AmEnglish.com - Press Releases

AmEnglish.com English Skills Series

August 2, 2010

AmEnglish.com® announces two levels for their online, interactive programs for English-language learners

Pleasanton, Ca. - AmEnglish.com® announces two levels for their online, interactive programs for English-language learners:

  • Pronunciation in English - High Beginning+
  • Pronunciation in English - Intermediate+
  • Writing in English - High Beginning+
  • Writing in English - Intermediate+
These programs are part of the English Skills Series from ETS®, maker of the TOEFL® and TOEIC® tests.

"We are pleased to make these products available in two levels in response to feedback from customers," said founder, Kathy Hans. "We have doubled the number of practices for each step to help students internalize these skills."

  • Pronunciation in English helps you use the important elements of stress, intonation, and rhythm like a native speaker. It will improve your listening comprehension and pronunciation.
  • Writing in English helps you write clear, concise, and correct English. It will help you reduce errors in academic writing at school, in email writing at work, and in essays for tests like the TOEFL® & TOEIC®.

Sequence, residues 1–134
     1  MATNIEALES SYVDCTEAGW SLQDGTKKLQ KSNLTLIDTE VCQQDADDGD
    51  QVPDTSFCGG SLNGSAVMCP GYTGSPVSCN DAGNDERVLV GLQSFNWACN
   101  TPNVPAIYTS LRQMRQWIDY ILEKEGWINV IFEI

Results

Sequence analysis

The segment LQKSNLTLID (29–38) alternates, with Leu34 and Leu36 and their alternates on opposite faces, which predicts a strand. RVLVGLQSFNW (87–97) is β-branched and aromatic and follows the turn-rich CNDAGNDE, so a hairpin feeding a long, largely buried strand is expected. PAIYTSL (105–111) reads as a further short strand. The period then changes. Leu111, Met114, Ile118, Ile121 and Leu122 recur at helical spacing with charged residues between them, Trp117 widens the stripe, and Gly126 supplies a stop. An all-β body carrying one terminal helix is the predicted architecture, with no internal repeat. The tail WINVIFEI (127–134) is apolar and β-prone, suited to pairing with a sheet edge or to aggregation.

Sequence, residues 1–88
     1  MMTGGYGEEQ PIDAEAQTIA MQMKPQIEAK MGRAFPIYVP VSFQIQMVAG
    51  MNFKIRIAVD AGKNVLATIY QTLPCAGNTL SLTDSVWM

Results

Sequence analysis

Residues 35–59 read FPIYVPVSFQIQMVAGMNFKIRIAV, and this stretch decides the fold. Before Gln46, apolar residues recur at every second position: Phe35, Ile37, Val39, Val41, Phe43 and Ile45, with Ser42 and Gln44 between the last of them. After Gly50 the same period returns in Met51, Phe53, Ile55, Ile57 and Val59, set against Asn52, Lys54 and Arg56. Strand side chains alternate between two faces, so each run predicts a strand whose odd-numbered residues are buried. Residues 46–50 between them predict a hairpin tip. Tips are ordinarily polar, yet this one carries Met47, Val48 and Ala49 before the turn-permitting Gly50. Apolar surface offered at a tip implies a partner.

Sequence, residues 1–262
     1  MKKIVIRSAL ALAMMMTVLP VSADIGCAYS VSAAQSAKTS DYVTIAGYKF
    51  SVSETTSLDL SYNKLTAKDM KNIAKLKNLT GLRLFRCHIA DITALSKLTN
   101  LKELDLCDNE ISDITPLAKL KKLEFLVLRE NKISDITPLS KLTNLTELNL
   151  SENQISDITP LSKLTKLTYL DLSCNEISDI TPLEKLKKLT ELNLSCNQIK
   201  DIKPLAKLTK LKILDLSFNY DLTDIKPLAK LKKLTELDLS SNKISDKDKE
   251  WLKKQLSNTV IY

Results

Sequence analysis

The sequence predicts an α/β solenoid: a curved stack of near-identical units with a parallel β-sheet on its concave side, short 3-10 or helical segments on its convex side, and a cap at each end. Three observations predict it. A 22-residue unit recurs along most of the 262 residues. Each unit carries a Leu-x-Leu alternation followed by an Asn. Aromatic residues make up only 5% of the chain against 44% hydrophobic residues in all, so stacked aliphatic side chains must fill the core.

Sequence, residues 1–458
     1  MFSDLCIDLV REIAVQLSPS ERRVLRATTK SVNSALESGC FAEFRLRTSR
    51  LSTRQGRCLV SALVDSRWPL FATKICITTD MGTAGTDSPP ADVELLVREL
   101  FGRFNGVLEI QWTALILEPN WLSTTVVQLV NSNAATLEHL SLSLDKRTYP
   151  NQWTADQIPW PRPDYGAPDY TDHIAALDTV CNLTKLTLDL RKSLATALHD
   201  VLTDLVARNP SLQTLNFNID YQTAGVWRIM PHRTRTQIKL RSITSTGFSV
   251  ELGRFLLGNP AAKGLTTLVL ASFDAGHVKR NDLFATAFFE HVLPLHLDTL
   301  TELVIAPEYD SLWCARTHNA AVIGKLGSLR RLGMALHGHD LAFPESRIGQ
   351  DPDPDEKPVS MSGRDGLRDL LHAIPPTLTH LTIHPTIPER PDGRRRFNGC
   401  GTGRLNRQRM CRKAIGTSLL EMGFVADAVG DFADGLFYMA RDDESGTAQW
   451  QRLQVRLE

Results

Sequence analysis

These programs are available online: Products

Educational Testing Service® (ETS®) is the world's largest private educational testing and measurement organization and a leader in education research. ETS® is dedicated to serving the needs of individuals, educational institutions, and government bodies in nearly 200 countries. The organization develops and administers more than 12 million tests worldwide. For more information about ETS®, visit its Web site at ETS®.

AmEnglish.com® provides products and services to improve communication skills for nonnative speakers of English at the intermediate and advanced levels. Their pronunciation, idioms, and writing programs are currently being used in language labs at schools and universities like Reedley College in California, Laramie County Community College District in Wyoming, and the University of South Carolina. Companies like Microsoft and IBM use these programs to improve productivity in the workplace.